To finish up our review of lichen sclerosus, I want to leave you with some important points:
- Pruritus is the most common symptom, occurring in 99% of women, vulvar irritation occurs in 60%, and vulvar burning and painful sex in 30%
- High potency corticosteroids are the treatment of choice with 80% experiencing complete remission
- Clobetasol 0.05% ointment is the medication most often prescribed
- Ointments are used instead of lotions because of less irritation, and there are rarely any adverse effects with long-term use
- The treatment protocol usually entails a few months of daily use, followed by a gradual decease, then followed by use as needed
Find about more about lichen sclerosus in: Could You Have Lichen Sclerosus?
At the recent Female Sexuality conference I attended, much attention was spent discussing vaginal pain. Lichen sclerosus, a long-term skin condition which mainly affects the vulva, was a condition thoroughly discussed. I knew it was a common problem, affecting 1 in 70 women, and over my career there have been many patients who I cared for with this condition.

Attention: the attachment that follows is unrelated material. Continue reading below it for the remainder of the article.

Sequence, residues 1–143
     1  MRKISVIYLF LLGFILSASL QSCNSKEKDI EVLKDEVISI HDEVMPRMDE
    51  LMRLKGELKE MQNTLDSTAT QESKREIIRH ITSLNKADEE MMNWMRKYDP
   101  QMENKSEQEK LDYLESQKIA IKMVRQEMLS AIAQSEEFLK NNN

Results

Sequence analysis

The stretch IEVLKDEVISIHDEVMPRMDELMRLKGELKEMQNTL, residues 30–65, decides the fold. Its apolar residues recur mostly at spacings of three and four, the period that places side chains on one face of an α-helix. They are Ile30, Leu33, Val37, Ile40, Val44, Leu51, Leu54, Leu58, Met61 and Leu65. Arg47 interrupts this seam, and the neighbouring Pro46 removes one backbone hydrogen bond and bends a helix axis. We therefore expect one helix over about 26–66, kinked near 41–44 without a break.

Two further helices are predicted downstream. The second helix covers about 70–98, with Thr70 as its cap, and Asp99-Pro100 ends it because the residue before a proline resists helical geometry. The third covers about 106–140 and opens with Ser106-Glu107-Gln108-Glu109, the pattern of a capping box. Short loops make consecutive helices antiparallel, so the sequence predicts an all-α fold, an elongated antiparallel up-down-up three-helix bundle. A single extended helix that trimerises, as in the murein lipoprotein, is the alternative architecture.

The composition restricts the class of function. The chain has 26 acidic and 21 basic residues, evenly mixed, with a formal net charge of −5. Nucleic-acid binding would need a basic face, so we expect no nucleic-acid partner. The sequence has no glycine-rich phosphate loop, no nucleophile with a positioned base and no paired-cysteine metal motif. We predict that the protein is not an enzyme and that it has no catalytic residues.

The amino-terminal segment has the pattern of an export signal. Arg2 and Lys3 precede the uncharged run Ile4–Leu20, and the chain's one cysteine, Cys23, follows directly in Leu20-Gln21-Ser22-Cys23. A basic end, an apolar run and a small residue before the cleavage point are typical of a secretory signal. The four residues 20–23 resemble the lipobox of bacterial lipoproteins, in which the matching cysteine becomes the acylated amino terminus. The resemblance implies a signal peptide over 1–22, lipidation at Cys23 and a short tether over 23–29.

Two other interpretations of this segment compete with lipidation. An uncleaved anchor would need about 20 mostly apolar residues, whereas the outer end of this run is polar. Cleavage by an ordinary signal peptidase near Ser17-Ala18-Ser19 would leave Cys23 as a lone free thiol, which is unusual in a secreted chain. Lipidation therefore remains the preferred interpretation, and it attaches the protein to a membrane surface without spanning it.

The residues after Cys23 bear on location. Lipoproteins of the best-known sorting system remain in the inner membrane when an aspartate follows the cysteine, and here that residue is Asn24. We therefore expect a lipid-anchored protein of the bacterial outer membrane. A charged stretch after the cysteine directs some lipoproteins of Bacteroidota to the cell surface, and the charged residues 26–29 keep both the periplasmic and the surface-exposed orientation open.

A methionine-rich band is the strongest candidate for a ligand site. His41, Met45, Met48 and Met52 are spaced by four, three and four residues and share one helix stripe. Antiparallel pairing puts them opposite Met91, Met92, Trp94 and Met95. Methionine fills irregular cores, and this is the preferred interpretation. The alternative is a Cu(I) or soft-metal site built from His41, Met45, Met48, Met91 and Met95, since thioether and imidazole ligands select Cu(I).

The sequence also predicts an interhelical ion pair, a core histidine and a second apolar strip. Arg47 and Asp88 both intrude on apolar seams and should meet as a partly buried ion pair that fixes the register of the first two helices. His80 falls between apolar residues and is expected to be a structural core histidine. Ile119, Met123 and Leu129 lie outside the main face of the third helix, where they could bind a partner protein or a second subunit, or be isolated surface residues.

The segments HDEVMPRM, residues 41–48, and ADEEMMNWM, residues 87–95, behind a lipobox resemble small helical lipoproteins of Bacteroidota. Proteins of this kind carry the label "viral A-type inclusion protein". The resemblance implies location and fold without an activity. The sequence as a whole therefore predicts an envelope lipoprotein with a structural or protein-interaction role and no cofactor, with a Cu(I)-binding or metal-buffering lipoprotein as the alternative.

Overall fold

In women, the genital and anal areas are mostly affected but it can appear on the upper body and breasts. Females of any age can develop lichen sclerosus, but it is most common in post-menopausal women with the median age of onset at 51.
Early in the condition, it presents as small shiny smooth white spots or depigmented areas, which can be tender and very itchy. It is often misdiagnosed as a yeast infection, herpes, or vitiligo. With time, the spots can progress to bigger patches, and the skin can become thick and crinkled. The skin can tear easily as the disease progresses. When severe scarring has developed, the lips of the vagina can shrink, the vaginal opening can become narrowed, and the clitoris may be covered with scar tissue.
Continued in: Treatment for Lichen Sclerosus